One of Wagner’s key functions, according to the Soufan Center, a New York-based nonprofit think tank, is that it provides the Kremlin with “a thin veneer of plausible deniability as it engages in the pursuit of finance, influence, and vigilantism not in keeping with international norms.”
The Daily Beast reported in late January that dozens of Wagner mercenaries were pulled from the Central African Republic to join Russian forces massing at the Ukraine border.
The Ukraine war has a broad mix of mercenaries and extremists from all sides participating in both sides of the conflict, as a report from the Soufan Center explores in detail. As the war drags on, active online recruitment suggests that a drawn-out conflict could attract many more volunteer fighters, according to Stephan J. Kramer, the head of the domestic intelligence agency in the German state of Thuringia. An eagerness to take up arms, he noted, reflects the motivations of right-wing extremists, including within the ranks of the German military.
For neo-Nazis and white supremacists, “Ukraine could become their version of what Afghanistan was for the jihadi movement in the 1980s,” said Steven Stalinsky, the executive director of the Washington-based Middle East Media Research Institute. “Being on the ground in a real-world fighting situation will allow them to gain valuable experience, as they further hone their skills in weapons, planning attacks, using technology in war including communications and encryption, and using cryptocurrency for clandestine funding of their activity.”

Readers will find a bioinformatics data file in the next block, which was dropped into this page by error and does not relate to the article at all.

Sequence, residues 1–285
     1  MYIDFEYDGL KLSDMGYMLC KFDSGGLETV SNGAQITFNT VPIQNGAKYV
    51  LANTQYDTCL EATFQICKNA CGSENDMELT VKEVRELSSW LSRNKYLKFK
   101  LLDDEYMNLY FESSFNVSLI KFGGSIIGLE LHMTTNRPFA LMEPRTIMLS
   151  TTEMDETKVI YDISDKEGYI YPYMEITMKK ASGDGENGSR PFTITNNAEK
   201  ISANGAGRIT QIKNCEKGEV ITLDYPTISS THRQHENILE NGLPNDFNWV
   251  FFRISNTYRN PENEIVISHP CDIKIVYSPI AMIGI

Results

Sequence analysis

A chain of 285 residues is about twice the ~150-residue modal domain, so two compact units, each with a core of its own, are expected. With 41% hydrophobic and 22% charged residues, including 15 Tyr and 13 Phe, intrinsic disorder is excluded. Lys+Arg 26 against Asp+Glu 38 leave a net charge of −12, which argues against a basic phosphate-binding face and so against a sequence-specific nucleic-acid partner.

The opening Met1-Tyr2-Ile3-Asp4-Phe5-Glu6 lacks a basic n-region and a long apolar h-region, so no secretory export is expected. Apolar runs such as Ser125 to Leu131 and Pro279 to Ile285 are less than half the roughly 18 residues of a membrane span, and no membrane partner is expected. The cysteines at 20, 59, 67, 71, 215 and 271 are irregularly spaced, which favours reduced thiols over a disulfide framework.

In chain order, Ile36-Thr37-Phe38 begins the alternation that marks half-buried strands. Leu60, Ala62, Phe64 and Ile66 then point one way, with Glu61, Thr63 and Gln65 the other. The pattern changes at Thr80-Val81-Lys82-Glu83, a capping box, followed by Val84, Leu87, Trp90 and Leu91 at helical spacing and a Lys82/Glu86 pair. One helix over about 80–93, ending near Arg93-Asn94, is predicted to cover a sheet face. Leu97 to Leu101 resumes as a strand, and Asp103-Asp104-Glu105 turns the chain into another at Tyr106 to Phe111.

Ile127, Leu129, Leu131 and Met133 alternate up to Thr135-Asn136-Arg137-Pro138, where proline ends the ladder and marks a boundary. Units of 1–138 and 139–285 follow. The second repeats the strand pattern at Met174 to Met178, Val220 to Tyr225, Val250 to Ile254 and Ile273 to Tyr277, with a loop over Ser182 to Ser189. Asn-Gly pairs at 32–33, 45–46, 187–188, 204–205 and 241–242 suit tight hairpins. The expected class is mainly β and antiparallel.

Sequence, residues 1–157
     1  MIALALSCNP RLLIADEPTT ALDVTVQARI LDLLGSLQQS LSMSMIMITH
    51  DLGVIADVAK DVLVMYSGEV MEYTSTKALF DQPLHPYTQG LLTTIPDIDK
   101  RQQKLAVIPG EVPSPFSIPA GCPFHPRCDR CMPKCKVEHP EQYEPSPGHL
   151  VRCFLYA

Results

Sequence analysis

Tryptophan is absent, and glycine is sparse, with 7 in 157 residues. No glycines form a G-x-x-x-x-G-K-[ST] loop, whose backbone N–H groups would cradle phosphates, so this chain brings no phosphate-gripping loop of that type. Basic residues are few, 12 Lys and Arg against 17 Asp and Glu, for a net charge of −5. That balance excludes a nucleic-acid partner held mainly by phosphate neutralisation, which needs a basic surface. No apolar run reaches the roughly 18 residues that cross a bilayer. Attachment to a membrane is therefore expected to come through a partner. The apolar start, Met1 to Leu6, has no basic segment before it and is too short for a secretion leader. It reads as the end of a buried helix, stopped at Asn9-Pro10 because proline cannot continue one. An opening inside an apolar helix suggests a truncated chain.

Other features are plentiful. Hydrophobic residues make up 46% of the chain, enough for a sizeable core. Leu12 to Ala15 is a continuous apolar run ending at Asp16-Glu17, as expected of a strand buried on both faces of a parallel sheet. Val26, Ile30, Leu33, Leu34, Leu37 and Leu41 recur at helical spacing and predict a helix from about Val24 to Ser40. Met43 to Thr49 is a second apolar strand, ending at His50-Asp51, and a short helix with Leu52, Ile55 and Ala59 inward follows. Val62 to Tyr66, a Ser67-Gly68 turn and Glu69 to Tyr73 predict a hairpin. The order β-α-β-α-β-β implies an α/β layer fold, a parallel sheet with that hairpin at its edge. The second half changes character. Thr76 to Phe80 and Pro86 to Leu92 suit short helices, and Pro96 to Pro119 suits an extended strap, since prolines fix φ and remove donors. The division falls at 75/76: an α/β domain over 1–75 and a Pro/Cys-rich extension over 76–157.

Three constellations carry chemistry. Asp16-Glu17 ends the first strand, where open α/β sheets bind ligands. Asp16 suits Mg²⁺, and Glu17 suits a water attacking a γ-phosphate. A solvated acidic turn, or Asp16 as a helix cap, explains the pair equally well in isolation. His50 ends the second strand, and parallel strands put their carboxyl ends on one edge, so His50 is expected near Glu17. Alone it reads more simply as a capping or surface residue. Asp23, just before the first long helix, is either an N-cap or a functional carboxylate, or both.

Outfits like Rusich are the spear tip of a much larger neofascist element within Russia, embodied by the Russian Imperial Movement. Its ideology is much more than simply nostalgic for the Russia of two centuries ago; concerned with fighting against globalization, multiculturalism, and liberalism, RIM is part and parcel of a broader international white supremacist project, which also enjoys Putin’s sponsorship and support. Its “membership is rigid and adheres to the dualistic beliefs that members should be part of the Russian Orthodox Church and conform to the group’s view of the necessity of creating a Russian Imperial state,” according to the Soufan Center.
RIM’s activism now includes running a kind of international “summer camp” for young right-wing extremists called Partisan, a paramilitary training course it sponsors near St. Petersburg. It claims to train civilians for upcoming “global chaos.” It draws participants from around Europe.
Two of its graduates from Sweden, both members of the neo-Nazi group Nordic Resistance, returned home to Gothenburg and attempted to blow up a home for asylum seekers, as well as a gathering of leftists at an alternative bookstore. (Another bomb was accidentally ignited by a garbage worker who was permanently maimed in the blast.) They likely learned how to construct the bombs at Partisan.